Back in the 1990s, however, bonds yielded three and four times what they yield today. And that means that a portfolio weighted more heavily toward bonds may not provide enough growth to cover you for 30 years or more.

And bond yields aren’t the only concern. The U.S. Federal Reserve is widely expected to raise interest rates this year — perhaps three or four times. And since bond prices move opposite interest rates, a hawkish central bank could slash the value of the bonds in a retirement portfolio.

Retirement Threat No. 2: When You Reach that Wrong Number

As you read this, stocks are trading at some of their highest valuations ever, inflation is at its highest point in four decades, and bond yields remain near historic lows. It’s a completely different environment from the one that investors faced when the 4% rule was devised in 1994.

Understanding that, and using a Monte Carlo simulator, investment researcher Morningstar said a more realistic withdrawal rate would be 3.3%.

A Monte Carlo simulation predicts the probability of different outcomes when random variables are present. It helps explain the impact of risk and uncertainty in prediction and forecasting models — like Bengen’s Retirement Rule.

That’s not all: Morningstar favors a flexible withdrawal rate, adjusting amounts so that you take a pay cut after a bear market — but get rewarded with a pay raise after sustained growth.

Retirement Threat No. 3: Sequence-of-Return Risk

When valuations are high, a market correction poses a hefty threat too. And for retirees, a major market correction could be devastating.

Let’s face it; what goes up must come down. But if that poor performance comes early in retirement, the damage is much greater, making it harder to preserve money over the long haul than if the correction came later.

This is referred to as “sequence-of-return risk” — and stems from taking withdrawals to cover living expenses after a downturn. It amounts to selling low, or liquidating your assets at fire-sale prices just to make your required income withdrawals.

As the pendulum swings back, a negative impact to savings means you may not have enough actual cash to take full advantage of a rebound. This places you at risk of outliving your money — running out in advance of the 30-year goal.

Therefore the 4% rule — developed to preserve your nest egg — falls short, especially if you get stung by a bad market early on.

And it’s compounded by other threats, including:

  • Low bond yields
  • An ambitious withdrawal rate
  • Worse-than-normal inflation
That brings us to the final threat of the four. I saved it for last. But it’s actually the biggest.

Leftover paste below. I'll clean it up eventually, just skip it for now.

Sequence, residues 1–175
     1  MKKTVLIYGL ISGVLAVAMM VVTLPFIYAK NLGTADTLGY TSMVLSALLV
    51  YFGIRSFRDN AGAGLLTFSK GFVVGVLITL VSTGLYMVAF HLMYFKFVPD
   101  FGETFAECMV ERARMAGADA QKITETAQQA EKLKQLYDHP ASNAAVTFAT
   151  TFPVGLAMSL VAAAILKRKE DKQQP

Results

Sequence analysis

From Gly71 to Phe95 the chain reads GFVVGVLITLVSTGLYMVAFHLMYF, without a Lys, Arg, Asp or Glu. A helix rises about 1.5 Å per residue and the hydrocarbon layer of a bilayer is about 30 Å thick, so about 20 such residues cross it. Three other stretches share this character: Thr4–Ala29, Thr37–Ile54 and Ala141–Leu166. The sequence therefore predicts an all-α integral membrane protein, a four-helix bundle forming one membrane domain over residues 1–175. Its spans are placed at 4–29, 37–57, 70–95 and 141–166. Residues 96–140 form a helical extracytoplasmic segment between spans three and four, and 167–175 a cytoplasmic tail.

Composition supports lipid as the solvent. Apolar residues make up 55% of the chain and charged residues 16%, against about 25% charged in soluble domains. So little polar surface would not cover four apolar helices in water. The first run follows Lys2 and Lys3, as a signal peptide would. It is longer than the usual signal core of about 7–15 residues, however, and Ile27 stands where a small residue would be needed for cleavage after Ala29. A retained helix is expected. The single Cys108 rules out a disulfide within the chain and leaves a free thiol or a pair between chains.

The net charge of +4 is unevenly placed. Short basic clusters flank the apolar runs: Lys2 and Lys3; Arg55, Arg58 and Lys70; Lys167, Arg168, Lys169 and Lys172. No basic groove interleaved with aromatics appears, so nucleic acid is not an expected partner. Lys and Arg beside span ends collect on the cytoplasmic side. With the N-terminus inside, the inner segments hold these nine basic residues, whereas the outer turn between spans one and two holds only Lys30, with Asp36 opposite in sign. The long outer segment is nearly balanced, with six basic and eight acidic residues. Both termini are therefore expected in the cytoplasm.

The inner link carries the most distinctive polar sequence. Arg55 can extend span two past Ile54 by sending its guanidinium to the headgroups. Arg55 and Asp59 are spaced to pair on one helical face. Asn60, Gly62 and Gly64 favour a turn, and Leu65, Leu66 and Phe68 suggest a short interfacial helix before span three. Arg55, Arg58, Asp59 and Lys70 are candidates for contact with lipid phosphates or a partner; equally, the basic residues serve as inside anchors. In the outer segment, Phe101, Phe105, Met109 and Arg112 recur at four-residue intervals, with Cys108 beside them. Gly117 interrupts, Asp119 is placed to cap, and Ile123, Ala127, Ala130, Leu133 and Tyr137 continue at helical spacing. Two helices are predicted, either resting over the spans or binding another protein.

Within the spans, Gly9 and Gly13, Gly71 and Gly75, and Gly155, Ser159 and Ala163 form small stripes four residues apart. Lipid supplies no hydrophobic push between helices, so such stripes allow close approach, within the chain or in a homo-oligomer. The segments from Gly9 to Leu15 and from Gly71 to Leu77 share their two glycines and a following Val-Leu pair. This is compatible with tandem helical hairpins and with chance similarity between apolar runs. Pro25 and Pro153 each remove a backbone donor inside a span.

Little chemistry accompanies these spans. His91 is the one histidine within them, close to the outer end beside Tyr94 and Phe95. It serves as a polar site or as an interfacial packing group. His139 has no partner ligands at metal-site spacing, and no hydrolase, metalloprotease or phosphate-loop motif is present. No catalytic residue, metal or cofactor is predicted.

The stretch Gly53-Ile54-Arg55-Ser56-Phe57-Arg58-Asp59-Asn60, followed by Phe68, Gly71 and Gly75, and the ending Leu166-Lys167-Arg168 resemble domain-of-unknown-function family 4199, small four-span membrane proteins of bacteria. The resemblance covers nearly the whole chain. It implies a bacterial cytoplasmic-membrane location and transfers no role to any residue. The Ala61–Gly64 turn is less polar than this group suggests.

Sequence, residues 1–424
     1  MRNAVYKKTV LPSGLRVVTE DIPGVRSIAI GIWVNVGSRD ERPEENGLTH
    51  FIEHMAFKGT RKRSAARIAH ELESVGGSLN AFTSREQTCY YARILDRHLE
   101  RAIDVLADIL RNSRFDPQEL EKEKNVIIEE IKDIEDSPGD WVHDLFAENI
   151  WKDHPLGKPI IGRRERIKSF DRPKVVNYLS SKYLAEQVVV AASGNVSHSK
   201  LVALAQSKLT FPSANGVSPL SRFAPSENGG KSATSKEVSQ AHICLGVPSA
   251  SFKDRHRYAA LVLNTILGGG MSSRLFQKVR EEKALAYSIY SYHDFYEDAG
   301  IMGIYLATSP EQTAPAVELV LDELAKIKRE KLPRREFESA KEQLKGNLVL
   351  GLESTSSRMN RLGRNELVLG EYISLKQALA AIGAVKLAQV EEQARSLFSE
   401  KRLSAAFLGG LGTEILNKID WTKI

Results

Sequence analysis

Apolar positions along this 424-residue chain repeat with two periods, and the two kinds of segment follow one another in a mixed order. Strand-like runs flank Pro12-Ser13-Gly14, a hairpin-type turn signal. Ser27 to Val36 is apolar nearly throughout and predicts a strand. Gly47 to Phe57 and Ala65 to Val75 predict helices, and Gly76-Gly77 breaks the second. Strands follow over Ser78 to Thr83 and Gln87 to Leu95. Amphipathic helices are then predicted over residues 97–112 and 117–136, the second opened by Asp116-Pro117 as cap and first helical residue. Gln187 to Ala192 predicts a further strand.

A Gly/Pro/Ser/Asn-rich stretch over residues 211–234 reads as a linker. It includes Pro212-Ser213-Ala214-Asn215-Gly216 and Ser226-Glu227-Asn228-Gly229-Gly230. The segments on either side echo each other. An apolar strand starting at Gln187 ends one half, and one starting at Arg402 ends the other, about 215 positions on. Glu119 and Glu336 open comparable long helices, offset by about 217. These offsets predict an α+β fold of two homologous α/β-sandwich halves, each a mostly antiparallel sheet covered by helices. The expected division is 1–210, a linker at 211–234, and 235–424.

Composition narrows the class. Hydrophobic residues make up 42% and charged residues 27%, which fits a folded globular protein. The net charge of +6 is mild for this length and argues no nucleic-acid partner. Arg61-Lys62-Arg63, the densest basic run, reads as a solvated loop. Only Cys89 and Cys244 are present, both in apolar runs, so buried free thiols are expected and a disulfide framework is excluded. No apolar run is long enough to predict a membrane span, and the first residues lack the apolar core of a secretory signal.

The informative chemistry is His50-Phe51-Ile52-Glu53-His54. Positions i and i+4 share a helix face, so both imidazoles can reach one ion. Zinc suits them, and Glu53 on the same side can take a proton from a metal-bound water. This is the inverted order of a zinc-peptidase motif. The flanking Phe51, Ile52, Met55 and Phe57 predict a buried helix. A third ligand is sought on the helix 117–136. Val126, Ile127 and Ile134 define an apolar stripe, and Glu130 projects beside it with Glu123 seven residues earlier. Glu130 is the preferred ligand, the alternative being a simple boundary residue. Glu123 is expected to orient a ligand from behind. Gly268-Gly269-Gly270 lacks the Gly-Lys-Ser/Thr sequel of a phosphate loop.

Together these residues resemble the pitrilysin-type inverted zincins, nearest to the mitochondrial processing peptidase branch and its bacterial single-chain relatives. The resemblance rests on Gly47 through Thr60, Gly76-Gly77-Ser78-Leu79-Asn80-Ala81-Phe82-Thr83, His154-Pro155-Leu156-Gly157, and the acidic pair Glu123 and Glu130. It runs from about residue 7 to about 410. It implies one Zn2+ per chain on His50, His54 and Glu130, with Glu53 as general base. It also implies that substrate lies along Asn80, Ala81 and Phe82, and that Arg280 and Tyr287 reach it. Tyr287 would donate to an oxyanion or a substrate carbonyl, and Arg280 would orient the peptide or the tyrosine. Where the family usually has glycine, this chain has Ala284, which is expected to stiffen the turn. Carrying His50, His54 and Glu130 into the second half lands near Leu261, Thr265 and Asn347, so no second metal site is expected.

It’s the No. 1 threat to retirement as conceived by the current rule. And it’s why I believe so many baby boomers are being forced to delay retirement — or return to work after they have.

Call it the Bengen rule’s “fatal flaw.”

Retirement Threat No. 4: The Flawed Assumption

The biggest defect in the 4% rule is that it assumes you’ve saved $1 million for retirement. Remember that TransAmerica study — the one that said baby boomers have an average savings of $152,000?

Other researchers made the same troubling discovery.

It’s unconscionable, but nearly one in four Americans have zero savings, according to a study by PricewaterhouseCoopers (PwC).

A three-year survey by the Fed came to an even more alarming finding: The average balance in U.S. retirement accounts was a paltry $65,000.

That’s a long way from the $1 million baseline, which is a flawed number itself.

Remember, this rule was developed way back in 1994, which drives home the fallacy of the Retirement Rule. A million dollars may not be enough, because in 1994, one dollar had the equivalent purchasing power of $1.90 today.

That means today’s money is worth nearly half what it was in 1994. By extension, that indicates a need for nearly twice the amount in your portfolio.

It’s a massive challenge saving $1 million, but today you need to put away $1.9 million to be in the true spirit of Bengen’s original 4% rule.

That’ll last a year, maybe two — but what comes after that?

An aging workforce and the pitiful state of retirement savings adds up to one sobering result — the American Retirement Dream is fading away.

That Promised Solution — Mark Your Calendar

Now, I promised you a solution.

And I keep my promises.

There is hope — even if you don’t have a million dollars stashed away.

Coming up on March 15, at the online Demand Cash Flow Now Summit, you will learn about a retirement income generation strategy that requires only one-tenth of the savings cache that the 4% rule presumes you need.

And the Summit is free.

In fact, we’ll introduce you to a methodical strategy that leverages a specific type of popular stock in a manner that will let you finance your golden years with as much as 90% less than traditional strategies recommend.

Now, I’d like you to tell me what you think. Is the 4% rule broken? Do you believe these threats to retirement are real, and if so, how are you confronting them?